Why is Spain Issuing So Many GDPR Fines?

Spain’s data protection authority is at it again. The body, which handed out 143 GDPR (General Data Protection Regulation) fines in the first nine months of the year, has issued 18 more penalties in October.

Although none of the fines are particularly large – with the biggest being a €31,200 penalty levied against Bayard Revistas – it continues a trend set by the AEPD (Agencia Española de Protección de Datos) that contradicts the approach of most other supervisory authorities.

In many EU countries, GDPR enforcement has focused on a handful of significant violations. Luxembourg has, for example, only handed out one fine in the four and a half years since the Regulation took effect, but it was a proposed €746 million penalty levied against Amazon – the largest ever penalty for a data protection violation.

The same pattern can be seen, albeit less extremely, elsewhere. Ireland’s data protection authority has only issued three penalties, with two of them directed at Facebook’s parent company, Meta, and totalling more than €420 million.

The Irish DPC (Data Protection Commission) has previously faced criticism for the time it takes to complete investigations. The authority is in an unfortunate position, given that Ireland is the European home to many tech giants, which have predictably been subject to the most frequent complaints.

Nonetheless, the distinct lack of action has left many frustrated. Many investigations remain open years after the complaint was files, giving the impression that the GDPR is all but unregulated in the country.

Meanwhile, the AEPD opened and closed an investigation into Google earlier this year after finding a pair of “very serious” GDPR breaches involving the way it transfers personal data to a US-based academic research project.

The speed with which the investigation was conducted is in line with the AEPD’s overall efforts, with the body making decisions at a faster rate its EU counterparts.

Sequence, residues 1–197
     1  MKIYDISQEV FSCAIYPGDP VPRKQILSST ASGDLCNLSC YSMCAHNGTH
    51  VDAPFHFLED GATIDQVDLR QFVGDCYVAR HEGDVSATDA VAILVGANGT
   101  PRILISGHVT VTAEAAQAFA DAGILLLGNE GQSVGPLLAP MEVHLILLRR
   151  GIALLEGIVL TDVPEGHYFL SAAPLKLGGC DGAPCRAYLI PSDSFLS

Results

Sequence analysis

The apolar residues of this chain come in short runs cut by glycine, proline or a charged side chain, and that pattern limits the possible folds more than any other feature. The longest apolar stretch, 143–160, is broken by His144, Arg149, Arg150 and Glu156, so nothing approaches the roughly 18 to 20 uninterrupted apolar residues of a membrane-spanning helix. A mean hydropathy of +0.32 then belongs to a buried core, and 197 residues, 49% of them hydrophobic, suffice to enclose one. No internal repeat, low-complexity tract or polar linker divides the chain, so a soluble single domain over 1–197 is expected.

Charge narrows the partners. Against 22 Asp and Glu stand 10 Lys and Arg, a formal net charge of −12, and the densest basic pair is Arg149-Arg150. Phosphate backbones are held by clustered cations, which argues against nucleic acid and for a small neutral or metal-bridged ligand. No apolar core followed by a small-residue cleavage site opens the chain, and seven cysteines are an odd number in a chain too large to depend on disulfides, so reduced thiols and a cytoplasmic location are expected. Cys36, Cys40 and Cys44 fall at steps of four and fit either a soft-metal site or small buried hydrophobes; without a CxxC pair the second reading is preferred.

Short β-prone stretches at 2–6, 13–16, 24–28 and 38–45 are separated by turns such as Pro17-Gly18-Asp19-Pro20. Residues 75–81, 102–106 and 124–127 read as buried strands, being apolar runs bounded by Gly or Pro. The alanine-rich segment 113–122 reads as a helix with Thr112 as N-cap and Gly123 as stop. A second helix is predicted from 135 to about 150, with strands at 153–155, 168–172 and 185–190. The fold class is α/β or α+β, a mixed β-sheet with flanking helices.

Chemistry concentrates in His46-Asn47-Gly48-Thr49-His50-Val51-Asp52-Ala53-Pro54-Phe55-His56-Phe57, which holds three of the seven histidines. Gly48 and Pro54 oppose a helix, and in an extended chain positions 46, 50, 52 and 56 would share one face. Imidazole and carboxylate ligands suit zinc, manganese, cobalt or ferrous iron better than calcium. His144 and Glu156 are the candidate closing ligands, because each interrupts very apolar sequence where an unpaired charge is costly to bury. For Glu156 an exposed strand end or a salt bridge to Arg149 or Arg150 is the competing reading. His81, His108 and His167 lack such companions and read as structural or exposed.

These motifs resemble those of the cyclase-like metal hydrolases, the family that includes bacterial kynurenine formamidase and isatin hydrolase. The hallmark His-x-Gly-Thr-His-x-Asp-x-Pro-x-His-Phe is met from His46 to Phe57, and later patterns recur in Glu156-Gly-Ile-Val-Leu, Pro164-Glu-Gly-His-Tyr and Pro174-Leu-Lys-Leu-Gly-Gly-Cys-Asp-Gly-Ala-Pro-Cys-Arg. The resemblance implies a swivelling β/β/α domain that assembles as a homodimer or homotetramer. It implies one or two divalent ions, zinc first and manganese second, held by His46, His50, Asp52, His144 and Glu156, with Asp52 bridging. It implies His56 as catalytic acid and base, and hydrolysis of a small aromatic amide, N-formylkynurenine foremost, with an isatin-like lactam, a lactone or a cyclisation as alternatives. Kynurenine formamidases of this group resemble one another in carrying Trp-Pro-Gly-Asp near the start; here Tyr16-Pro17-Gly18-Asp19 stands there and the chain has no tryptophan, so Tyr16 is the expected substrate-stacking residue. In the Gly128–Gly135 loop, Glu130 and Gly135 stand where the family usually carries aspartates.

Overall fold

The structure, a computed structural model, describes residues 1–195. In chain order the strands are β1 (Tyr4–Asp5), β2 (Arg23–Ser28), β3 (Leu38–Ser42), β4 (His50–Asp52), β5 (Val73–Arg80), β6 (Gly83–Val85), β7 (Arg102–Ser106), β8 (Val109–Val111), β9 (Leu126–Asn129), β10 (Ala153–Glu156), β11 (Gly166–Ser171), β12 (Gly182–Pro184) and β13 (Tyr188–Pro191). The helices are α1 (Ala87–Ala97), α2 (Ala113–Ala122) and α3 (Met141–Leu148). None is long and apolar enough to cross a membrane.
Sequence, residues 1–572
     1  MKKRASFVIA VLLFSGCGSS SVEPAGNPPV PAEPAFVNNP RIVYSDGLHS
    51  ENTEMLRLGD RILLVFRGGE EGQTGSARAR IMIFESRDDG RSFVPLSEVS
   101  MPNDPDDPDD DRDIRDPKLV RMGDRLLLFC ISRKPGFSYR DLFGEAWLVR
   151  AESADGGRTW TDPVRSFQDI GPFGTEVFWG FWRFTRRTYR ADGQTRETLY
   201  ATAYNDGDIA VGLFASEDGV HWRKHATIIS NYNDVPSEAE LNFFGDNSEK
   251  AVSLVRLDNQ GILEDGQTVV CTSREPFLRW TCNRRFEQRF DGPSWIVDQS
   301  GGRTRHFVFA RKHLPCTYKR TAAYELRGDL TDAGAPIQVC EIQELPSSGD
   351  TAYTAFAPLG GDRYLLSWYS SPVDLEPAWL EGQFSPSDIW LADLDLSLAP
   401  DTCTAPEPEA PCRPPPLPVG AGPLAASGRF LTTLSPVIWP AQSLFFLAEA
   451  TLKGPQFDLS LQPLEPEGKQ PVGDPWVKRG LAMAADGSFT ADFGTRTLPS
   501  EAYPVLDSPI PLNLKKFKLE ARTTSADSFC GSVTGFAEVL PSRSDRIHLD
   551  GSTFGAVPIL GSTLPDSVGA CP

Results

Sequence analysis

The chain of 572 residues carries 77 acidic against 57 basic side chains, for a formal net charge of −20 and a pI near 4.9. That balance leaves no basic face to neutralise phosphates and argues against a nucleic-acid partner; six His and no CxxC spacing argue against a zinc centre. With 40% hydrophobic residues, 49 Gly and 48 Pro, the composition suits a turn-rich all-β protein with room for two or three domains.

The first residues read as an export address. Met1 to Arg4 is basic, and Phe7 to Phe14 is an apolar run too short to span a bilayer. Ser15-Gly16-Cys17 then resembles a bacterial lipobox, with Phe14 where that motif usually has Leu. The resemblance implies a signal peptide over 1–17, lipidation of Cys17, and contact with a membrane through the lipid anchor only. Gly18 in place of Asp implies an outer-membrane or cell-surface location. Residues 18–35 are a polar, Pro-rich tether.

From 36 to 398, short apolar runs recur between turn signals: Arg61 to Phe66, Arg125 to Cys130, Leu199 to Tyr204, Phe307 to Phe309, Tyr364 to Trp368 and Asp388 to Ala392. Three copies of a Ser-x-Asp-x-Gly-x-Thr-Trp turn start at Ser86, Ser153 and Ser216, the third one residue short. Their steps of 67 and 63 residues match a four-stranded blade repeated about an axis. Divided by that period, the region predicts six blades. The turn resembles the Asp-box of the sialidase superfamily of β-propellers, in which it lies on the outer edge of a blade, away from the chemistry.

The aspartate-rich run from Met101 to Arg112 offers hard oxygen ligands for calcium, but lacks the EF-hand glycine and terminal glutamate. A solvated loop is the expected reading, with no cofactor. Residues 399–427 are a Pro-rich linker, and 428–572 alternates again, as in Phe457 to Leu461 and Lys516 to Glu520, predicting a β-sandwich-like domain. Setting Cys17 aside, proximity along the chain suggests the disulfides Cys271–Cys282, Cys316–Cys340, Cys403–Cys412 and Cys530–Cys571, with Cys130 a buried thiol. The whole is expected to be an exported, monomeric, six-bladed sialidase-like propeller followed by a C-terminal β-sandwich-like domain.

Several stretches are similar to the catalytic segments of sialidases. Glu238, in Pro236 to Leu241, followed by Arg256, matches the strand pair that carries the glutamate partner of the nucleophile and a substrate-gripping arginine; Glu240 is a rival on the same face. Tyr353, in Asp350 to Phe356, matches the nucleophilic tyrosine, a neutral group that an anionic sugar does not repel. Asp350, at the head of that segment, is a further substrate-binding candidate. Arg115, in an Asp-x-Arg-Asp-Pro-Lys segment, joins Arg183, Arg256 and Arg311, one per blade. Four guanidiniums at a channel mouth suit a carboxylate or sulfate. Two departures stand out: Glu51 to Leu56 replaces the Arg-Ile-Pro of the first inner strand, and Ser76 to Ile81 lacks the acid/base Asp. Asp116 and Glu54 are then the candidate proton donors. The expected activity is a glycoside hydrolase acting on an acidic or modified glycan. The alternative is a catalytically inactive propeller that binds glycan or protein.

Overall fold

But what’s its secret? Does the AEPD have a particularly efficient system? is it being careless? does it have a team of thousands investigating incidents?

The secret to Spain’s success

When you take a closer look at the GDPR fines that the AEPD has handed out since the Regulation took effect, you’ll notice that almost all of the penalties relate to Article 5 and Article 6.

Article 5.1 states that personal data must be “processed in a manner that ensures appropriate security of the personal data, including protection against unauthorised or unlawful processing and against accidental loss, destruction or damage, using appropriate technical or organisational measures”.

This is, in effect, the Regulation’s security principle.

Article 6 states that organisations must have a lawful basis whenever they process personal data. Many people mistakenly believe that this means consent is required, but that it only one of six options, and it’s generally the least preferable, because the GDPR strengthened the rules for obtaining and maintaining consent.

These two requirements are at the core of the GDPR’s objectives, and spotting violations is comparatively easy. There is little grey area in terms of compliance: organisations either perform and document the necessary tasks or they don’t.

Many of the organisations that have been investigated by the AEDP are relatively small (at least compared to tech giants) and as such, there is much less material to inspect.

The trend in investigations was first spotted by the law firm BAC Beachcroft, which highlighted the “new standard” that Spain’s data protection authority set in regulating the GDPR.

According to the analysis, the AEPD has also played close attention to Articles 13 and 14 of the GDPR, which concern the information provided to individuals when their personal data is be collected, and the circumstances of data collection when the information has not been obtained directly from the data subjects.

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Whether you’re looking for a little guidance or you’d like a dedicated consultant, we have you covered.

Our team of experts are on hand to help you at any stage of your GDPR journey. You can learn more about our services on our website or by speaking to one of our experts.

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